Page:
Continuing with the pizza example, we have to set up overloaded methods to create different types of pizza. Furthermore, we also need to create a new overloaded method for each pizza type.

Here, we are creating two types of pizzas — Margherita and customized pizza. So, we create a class called Pizza with a type for toppings and overloaded the preparePizza methods for making different pizzas.

Users can now create an instance of the pizza using the appropriate method for the pizza that they want.‍

Parametric polymorphism forms the base of generics and employs the same implementation for different parameter types. Let’s understand this better with our pizza shop example.

Keeping the same pizza shop example, here we created the same PizzaTopping enum with a case for each topping. We also created a protocol ItemName that only has one type called string.

We’ll start off by creating a PizzaType that conforms to the ItemName protocol. In this case, we’ll be making three types of pizza — Margherita, farmhouse, and golden corn. We would also be using the array of PizzaToppings for the type toppings. Additionally, a switch case will also be implemented depending on the pizza type for each pizza’s respective toppings array. Finally, we’re also integrating the type message from protocol ItemName, which will print the name of the pizza that is ready.

Next, we’ll be creating an enum type called SideDishType that also conforms to the ItemName protocol. The cases in this example would be fries and calzones. Also, the type message from the ItemName protocol will return a string value when each of the side dish is ready.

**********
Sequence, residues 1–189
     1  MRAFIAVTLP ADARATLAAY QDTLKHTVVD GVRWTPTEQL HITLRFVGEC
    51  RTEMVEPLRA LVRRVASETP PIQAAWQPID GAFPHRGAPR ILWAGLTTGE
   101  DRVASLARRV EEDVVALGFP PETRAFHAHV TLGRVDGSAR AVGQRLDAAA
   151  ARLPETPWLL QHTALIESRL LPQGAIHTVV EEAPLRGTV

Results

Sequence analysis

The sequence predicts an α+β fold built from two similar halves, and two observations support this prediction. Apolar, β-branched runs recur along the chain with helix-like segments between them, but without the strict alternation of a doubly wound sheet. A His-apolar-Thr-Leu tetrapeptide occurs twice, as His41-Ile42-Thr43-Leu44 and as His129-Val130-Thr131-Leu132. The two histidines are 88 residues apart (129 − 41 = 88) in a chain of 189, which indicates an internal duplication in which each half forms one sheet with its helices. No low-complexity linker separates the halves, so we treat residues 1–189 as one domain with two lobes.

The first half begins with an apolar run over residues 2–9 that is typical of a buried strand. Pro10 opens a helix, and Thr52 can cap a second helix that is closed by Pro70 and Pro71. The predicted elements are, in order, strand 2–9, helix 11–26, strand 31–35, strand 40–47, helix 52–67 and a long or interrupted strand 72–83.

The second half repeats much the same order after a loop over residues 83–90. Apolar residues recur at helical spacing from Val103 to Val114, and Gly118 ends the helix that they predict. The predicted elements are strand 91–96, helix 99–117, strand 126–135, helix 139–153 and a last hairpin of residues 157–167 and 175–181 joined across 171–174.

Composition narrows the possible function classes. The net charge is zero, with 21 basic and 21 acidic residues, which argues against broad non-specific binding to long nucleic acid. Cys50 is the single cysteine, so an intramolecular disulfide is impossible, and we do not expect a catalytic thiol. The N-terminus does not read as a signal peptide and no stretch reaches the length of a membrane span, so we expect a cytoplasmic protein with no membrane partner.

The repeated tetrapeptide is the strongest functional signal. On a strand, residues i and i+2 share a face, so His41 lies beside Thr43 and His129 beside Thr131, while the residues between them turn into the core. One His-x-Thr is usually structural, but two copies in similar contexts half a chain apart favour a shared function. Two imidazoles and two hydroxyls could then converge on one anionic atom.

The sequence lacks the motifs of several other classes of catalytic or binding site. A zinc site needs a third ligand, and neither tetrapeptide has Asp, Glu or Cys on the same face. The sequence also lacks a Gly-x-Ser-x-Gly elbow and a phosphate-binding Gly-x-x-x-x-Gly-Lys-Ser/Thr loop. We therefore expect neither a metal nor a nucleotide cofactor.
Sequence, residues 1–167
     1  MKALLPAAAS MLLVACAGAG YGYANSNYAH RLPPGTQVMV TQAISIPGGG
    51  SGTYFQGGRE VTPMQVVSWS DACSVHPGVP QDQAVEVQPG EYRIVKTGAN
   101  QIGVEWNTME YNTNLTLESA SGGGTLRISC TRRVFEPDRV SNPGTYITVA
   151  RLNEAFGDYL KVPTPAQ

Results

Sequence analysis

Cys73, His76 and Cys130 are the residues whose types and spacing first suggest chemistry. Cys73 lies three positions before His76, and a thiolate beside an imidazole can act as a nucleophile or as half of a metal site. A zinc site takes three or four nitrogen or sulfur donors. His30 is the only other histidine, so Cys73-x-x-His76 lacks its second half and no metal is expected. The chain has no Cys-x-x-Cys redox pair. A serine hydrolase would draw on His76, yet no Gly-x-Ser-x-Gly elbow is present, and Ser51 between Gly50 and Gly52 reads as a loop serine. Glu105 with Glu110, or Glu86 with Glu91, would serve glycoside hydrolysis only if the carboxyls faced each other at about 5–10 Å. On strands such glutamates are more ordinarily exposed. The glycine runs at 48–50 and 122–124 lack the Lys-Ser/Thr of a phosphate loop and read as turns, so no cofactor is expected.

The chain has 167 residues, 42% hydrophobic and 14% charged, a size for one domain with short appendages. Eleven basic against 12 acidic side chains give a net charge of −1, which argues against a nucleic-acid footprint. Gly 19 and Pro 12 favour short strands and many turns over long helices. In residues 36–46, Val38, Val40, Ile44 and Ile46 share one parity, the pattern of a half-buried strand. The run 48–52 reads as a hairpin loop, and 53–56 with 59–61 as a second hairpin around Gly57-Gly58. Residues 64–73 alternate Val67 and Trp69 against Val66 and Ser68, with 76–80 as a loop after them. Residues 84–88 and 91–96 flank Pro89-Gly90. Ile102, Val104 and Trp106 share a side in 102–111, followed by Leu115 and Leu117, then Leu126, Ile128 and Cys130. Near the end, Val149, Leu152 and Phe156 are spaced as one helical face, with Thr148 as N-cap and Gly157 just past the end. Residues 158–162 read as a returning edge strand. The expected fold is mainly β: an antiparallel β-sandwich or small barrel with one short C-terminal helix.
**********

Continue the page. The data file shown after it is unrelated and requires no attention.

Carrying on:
As you can see, we have created a class named PizzaShop, which will use the generic prepare method. This method employs a type T, which conforms to the ItemName protocol in angular brackets. This type T will be passed to the method as a parameter. Within this method definition, we’ll print the type.message. Thus, this method can accept any PizzaType or SideDishType and return the item accordingly.

As you can see, we have created a class named PizzaShop, which will use the generic prepare method. This method employs a type T, which conforms to the ItemName protocol in angular brackets. This type T will be passed to the method as a parameter. Within this method definition, we’ll print the type.message. Thus, this method can accept any PizzaType or SideDishType and return the item accordingly.

You can now create an instance of PizzaShop and then call the prepare method. Within the type parameter, any PizzaType or SideDishType can be passed and hence the dish will be prepared!‍

The bottom line

This just highlights the potential of Generics and the value it adds to Swift. Next up, we keep our Swift series going with the exploration of the updates announced to Generics as part of the Swift 5.7 at WWDC 2022.

So, keep a lookout 😄